Code Compliance

An interesting couple of days this week at work.  Wed started with me talking to one of the admins at work first thing in the morning.  When I got to his cubical, he was very busy with two guys at his desk.  Instead of me asking him questions about something I had with our servers, he starts talking about how he’s building a server and the software he’s installing… and that he’s almost done.  Then he introduces me to two people in his cube.  We had our main network guy quit, which is also his boss, so I figured these were network people.  No, as I found out, they help making sure our code is ‘compliant’, and we haven’t stolen code from other places like open-source groups.  My next though was wait a minute… are we being audited?

In short, yes.  An internal audit of our code.  This had more to do with us evaluating a product that provides this service and we were evaluating it by auditing our code.  By instinct, I worked with these people and tried to be as helpful as possible.  ISO-9000 days at Philips taught me that well. But my gut reaction was “Who doesn’t trust us?” and “What the hell do they think we do all day?  Copy code from open-source products?” and “Do they think their SCO?”  But focus away from me being a developer to someone managing disperse group of people including contractors, outsource folks and new hiers, and I can start to understand why someone would want to use this.

Managers really have no clue how code is really developed.  The assumption is that people will do what they can to get the work done quickly, and that contractors would reuse code between projects as much as possible.  If they can copy code from existing projects, then it will be copied to make their life easier.  In reality, that is harder then it sounds.  Number one, most business-based code is domain specific, and even then, specific to the company the software is for.  Number two, you have to fully understand the code you’re working with and ‘how’ to copy it.  You’re more likely to cause a problem using a GPL product as a library for your code then you are copying actual segments of code from that GPL library into your propriatary project.  The only time you’d realy know the code well enough to use in the current project from an open-source one is if you wrote it for the open-source project in the first place.  And even then, only if it was recent.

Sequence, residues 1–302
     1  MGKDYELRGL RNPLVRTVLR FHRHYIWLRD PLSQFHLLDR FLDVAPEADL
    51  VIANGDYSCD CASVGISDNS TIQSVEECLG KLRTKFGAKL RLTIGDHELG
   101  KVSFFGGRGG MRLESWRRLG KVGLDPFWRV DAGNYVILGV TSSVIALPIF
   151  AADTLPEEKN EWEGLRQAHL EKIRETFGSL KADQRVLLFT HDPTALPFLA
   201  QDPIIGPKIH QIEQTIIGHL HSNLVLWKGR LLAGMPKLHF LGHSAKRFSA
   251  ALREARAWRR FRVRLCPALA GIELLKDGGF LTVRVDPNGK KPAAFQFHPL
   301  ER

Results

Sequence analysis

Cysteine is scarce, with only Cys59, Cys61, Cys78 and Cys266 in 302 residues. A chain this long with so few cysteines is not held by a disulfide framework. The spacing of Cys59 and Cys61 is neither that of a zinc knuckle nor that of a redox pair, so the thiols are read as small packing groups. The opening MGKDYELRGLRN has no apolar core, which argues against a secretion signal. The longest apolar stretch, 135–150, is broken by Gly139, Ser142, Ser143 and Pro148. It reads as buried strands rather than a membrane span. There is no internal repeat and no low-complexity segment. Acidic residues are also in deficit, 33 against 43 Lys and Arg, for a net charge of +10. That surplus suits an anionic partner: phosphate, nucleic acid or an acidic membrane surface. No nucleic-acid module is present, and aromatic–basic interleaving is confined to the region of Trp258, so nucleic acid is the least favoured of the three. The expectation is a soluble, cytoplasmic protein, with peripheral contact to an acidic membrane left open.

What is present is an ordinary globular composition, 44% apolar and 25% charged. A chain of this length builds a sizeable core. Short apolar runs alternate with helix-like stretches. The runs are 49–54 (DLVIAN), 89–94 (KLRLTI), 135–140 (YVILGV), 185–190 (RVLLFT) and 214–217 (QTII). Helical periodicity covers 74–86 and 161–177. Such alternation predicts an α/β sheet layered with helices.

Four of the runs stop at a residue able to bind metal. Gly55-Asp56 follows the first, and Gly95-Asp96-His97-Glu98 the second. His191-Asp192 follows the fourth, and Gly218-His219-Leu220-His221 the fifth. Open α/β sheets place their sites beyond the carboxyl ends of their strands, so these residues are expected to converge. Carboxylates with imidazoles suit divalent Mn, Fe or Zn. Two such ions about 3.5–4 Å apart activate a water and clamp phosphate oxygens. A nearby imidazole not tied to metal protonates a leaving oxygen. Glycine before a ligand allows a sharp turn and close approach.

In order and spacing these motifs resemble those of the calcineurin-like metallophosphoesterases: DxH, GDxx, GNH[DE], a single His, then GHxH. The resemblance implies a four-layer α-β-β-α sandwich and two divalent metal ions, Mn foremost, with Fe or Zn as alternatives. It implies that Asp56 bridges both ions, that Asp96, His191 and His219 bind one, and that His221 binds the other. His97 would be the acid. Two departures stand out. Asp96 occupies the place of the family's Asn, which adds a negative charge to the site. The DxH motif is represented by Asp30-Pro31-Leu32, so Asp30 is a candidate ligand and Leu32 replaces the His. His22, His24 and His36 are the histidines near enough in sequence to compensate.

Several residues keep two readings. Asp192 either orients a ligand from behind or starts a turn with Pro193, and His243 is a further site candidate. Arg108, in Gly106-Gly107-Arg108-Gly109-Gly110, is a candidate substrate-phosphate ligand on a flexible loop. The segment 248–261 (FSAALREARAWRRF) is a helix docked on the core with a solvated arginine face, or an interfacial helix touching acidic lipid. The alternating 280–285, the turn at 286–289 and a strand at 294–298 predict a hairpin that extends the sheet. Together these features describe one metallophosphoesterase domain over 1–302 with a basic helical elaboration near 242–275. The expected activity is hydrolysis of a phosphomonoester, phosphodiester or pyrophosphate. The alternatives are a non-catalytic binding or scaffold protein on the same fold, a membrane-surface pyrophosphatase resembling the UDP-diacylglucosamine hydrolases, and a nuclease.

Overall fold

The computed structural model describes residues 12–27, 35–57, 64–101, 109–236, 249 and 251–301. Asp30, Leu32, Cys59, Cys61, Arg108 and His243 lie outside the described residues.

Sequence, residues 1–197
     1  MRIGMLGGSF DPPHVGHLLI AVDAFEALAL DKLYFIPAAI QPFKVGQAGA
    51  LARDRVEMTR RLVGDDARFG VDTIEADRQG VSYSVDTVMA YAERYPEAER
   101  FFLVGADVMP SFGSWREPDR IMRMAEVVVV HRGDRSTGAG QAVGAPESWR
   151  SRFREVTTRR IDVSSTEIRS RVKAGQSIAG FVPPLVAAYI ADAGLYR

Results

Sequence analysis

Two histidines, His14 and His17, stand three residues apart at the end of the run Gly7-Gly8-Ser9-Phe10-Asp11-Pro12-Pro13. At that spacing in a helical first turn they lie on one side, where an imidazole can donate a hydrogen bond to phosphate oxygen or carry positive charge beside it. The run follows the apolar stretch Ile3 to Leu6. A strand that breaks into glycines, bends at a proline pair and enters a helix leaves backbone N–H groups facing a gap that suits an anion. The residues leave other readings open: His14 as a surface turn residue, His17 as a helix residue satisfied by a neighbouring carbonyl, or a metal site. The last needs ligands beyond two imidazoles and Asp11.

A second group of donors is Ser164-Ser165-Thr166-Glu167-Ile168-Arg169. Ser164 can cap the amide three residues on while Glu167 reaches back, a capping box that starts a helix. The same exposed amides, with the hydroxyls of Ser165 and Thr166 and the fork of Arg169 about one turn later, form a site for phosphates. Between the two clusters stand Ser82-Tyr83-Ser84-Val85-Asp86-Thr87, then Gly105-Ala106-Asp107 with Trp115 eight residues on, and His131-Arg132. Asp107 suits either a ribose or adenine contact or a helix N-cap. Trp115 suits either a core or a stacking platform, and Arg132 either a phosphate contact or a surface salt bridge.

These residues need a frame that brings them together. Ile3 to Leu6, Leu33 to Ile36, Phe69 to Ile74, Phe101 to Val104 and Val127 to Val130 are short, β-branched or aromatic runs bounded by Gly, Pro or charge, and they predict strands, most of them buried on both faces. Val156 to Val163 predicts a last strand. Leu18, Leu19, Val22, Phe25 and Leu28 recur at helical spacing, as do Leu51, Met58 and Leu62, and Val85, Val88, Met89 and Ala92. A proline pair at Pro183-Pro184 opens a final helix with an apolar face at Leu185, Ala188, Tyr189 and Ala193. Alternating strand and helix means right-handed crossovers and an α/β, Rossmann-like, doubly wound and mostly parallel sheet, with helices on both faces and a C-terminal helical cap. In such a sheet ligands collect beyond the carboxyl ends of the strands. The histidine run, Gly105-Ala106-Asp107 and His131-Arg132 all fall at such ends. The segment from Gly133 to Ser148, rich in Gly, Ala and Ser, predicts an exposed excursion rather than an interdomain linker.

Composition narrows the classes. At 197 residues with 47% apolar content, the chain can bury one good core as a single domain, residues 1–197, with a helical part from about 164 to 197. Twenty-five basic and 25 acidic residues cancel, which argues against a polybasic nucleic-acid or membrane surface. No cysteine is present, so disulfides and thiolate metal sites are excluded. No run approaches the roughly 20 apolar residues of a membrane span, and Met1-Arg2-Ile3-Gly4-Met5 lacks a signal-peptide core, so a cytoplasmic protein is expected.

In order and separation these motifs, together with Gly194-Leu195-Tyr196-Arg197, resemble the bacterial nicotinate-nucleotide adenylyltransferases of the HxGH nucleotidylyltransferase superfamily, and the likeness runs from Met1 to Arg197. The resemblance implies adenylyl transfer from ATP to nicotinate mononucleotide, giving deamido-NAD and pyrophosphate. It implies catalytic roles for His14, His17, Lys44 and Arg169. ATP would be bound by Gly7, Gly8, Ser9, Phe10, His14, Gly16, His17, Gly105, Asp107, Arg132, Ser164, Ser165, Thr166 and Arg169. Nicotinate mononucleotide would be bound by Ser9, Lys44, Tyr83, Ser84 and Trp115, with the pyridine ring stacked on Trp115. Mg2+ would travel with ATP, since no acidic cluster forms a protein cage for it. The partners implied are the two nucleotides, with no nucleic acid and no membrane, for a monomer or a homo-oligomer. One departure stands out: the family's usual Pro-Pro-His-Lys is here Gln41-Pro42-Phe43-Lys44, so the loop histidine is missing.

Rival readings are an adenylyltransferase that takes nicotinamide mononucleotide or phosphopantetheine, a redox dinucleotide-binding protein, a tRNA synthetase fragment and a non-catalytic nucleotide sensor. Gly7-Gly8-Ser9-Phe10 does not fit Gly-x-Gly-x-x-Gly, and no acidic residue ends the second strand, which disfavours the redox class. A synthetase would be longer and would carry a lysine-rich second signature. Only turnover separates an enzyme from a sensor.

But here we are, managers need to make sure the people who work for them don’t create a problem. I do see a reason that managers need to verify that the code they bought is unique and not infringing on other copyrights that could cause a legal headache.  Problems that ‘can’ happen easily include contractors reusing frameworks they don’t have the right to reuse or developers using GPL libraries for propriatary projects.  But is this a real problem?  I really don’t know.  I know that’s something I’m careful to avoid.  But how do you check to see if this is happening and you cannot trust your own developers?  As I found out this week and the software product in question that provides this service is expensive.  Very expensive.  Trust and open discussion is much cheaper.  And if you do not (cannot) trust the outsouce folks building your project, then maybe outsourcing work isn’t really that cheap after all.

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